Pinecone Systems is demonstrating how vector databases in the cloud offer a fast and scalable way to develop critical business capabilities, powered by machine learning, such as IT threat detection and the complex classifications and recommendations of big data.
Pinecone has released templates to help developers and technical teams build and deploy applications that address four common scenarios with the scale and performance advantages of a vector database. And Pinecone is providing a benchmark guide that can be used to assess the vector database’s performance using an organization’s own data sets.
The use cases are an important step forward because vector databases are relatively new in the world of cloud databases. A vector database stores, searches, and retrieves vectors, which are long strings of numbers representing documents, images, and other data types used in machine learning applications. They can be used for recommendations, personalization, image search, and more.
Pinecone’s vector database, which is in beta availability, provides similarity search as a service on AWS and Google Cloud. Pinecone has published templates to help users get started with four scenarios:
- IT threat detection. Pinecone shows how to build a network intrusion detector using deep learning and similarity search. By checking the similarity of incoming threats with known attacks, the database is able to detect “rare” events that may represent a potential threat.
- Semantic text search. Pinecone outlines how to create a semantic text search capability for online news articles using short, simple queries. To do it, vector representations of the articles are stored in the database index.
- Extreme classification. The idea is to label new items automatically when the number of possible labels is “enormous” or extreme, such as matching web content to relevant advertisements. In the example provided, 250,000 labels are converted into vector embeddings.
- Video recommendations. The challenge here is to provide movie recommendations based on similar user ratings (on a scale of 1 to 5), but it is complicated by the fact that the ratings are sparse relative to all movies and biased because the user ratings are distributed differently. The solution involves a dataset of movie recommendations, deep learning models for both movies and users, and a deep ranking model to score user/movie pairings for improved relevance of recommendations.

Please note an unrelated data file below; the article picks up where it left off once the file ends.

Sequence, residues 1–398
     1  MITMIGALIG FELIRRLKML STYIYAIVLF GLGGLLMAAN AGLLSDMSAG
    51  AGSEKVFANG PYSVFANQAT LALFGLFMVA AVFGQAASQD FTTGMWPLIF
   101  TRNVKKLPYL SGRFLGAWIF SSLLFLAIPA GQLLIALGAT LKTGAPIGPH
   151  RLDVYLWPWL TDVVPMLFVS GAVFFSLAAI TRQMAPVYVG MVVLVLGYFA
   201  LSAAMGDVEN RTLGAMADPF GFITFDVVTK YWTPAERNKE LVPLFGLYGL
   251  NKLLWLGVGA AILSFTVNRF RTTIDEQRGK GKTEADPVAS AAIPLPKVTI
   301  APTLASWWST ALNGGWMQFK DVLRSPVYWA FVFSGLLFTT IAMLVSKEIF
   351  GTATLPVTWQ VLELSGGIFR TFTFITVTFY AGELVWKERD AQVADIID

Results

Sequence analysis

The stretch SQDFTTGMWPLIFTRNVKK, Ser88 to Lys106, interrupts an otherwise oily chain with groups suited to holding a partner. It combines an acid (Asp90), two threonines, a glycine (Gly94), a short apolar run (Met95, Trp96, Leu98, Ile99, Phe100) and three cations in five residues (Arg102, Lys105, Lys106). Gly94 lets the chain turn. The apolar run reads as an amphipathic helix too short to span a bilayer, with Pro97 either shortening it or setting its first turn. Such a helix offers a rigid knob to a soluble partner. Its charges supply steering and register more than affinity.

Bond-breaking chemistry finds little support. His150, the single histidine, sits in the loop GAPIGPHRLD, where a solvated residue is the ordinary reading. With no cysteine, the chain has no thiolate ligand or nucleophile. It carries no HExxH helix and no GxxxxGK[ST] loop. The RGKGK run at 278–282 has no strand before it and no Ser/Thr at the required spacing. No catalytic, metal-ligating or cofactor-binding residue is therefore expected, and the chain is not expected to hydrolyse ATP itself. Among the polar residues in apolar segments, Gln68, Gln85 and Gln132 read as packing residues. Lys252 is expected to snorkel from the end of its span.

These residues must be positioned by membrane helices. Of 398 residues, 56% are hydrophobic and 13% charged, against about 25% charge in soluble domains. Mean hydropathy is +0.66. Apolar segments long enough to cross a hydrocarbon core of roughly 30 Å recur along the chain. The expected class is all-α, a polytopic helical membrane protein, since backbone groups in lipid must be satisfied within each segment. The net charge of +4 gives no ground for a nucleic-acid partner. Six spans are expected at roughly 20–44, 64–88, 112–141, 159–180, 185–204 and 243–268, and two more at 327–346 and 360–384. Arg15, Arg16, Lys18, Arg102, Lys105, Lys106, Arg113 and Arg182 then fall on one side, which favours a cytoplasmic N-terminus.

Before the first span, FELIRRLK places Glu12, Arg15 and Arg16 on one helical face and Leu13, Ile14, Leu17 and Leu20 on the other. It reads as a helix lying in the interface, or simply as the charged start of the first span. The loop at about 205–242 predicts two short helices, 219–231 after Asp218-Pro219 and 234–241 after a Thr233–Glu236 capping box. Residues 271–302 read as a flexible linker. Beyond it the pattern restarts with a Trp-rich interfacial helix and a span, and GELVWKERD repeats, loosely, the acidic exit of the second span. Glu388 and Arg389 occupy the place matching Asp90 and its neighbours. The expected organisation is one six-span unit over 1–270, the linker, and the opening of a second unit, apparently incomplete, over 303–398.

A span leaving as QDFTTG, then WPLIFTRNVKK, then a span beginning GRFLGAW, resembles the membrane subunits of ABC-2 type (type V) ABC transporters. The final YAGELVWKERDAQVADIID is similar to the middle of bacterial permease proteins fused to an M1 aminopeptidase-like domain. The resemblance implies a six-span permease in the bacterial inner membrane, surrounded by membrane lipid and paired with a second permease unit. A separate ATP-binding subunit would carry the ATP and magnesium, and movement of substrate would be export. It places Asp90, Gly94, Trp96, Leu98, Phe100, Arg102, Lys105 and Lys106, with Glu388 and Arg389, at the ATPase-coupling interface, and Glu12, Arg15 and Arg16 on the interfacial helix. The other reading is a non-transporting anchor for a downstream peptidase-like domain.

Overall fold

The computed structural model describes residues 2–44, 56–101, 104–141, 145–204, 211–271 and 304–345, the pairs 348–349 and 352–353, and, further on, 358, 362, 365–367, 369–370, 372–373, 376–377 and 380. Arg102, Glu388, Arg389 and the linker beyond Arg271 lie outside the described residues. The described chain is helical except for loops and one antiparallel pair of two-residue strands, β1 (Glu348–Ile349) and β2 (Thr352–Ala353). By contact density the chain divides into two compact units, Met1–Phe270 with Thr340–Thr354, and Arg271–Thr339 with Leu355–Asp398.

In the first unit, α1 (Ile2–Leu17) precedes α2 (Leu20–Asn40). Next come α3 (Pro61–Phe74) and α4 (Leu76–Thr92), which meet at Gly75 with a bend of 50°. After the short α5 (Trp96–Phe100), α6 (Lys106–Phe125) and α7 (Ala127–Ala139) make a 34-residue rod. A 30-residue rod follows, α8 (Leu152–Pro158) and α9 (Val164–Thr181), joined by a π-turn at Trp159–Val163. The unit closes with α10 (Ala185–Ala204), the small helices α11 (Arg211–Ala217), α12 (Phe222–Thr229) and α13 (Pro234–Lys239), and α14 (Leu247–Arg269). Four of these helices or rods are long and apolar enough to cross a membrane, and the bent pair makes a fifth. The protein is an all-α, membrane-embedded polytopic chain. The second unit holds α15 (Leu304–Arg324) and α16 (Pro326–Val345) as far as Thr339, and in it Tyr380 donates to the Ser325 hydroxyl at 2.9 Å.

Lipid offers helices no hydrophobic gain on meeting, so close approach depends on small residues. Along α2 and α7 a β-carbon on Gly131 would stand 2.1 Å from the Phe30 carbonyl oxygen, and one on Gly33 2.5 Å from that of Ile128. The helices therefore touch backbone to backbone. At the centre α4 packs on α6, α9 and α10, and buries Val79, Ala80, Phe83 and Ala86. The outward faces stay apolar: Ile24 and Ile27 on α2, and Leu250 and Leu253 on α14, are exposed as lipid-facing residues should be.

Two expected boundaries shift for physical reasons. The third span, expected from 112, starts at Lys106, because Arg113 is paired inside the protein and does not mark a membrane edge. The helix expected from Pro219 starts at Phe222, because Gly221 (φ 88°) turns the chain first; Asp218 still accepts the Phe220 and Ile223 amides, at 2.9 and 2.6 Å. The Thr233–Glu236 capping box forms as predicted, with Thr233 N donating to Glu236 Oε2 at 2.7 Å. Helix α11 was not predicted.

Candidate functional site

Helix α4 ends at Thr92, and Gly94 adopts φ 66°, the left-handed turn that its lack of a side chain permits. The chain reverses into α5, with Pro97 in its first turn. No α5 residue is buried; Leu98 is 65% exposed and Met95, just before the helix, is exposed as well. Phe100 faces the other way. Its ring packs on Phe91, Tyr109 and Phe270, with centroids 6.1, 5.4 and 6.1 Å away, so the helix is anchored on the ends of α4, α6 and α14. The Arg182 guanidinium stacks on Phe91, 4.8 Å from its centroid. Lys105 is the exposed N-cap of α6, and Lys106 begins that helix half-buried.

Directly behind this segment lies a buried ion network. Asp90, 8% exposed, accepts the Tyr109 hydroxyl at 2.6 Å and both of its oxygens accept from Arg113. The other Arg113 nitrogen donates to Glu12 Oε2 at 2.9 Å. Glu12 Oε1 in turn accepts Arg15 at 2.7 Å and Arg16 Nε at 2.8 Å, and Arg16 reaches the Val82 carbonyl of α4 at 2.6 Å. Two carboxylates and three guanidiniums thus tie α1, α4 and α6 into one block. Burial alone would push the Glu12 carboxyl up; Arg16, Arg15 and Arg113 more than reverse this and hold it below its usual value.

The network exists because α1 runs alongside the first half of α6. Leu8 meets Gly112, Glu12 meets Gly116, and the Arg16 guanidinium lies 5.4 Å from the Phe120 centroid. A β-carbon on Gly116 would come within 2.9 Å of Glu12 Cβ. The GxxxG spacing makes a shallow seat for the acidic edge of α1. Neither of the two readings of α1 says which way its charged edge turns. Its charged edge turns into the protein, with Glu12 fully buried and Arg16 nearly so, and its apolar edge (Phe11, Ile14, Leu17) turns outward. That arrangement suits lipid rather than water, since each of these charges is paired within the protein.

Billions of vectors
In addition to those use cases, Pinecone has introduced a benchmarking guide for testing performance and accuracy against its similarity search using an organization’s own data. The tutorial addresses how to measure indexing runtime, query runtime, and other metrics, for both exact and approximated searches.
And finally, Pinecone is providing early access to an upcoming capability called Managed FAISS. An acronym for Facebook AI Similarity Search, FAISS is a library that developers use to search for embeddings of multimedia documents that are similar. With FAISS as a managed cloud service, Pinecone aims to scale to billions of vectors without the operational complexity of a self-hosted approach.
Bigger, better, faster
The application templates and other new developments are signs that Pinecone’s vector database is maturing, and they are prerequisites for Pinecone’s general availability as a cloud service.
When I talked to Pinecone founder and CEO Edo Liberty recently, he said the company is focused on the “production readiness” of its platform. By the end of this year, he said, the Pinecone vector database will be “much more capable, bigger, better, faster, and easier to use.”
Listen to the podcast: Pinecone Systems CEO Edo Liberty: The Cloud Database Report Podcast
Pinecone, a startup, exited stealth mode in January with $10 million in seed funding from Wing Venture Capital, an early-stage investor in Snowflake. That has prompted comparisons to Snowflake’s cloud database platform model.
Liberty says businesspeople are interested in understanding how machine learning can be applied to meet their own business objectives. “They go to their chief scientist or CTO and say, ‘Why don’t we do that?’”
The new use cases and real-world benchmarks should help elevate those conversations from the arcane technical details of vector databases to business solutions and opportunities.
This news analysis is provided by the Cloud Database Report. As the pace of change in data management accelerates, business and IT decision makers are keenly aware that “big data” represents tremendous value if they are able to capitalize on it. Cloud databases are increasingly perceived as a faster, better, cheaper way to gain insights and drive innovation.
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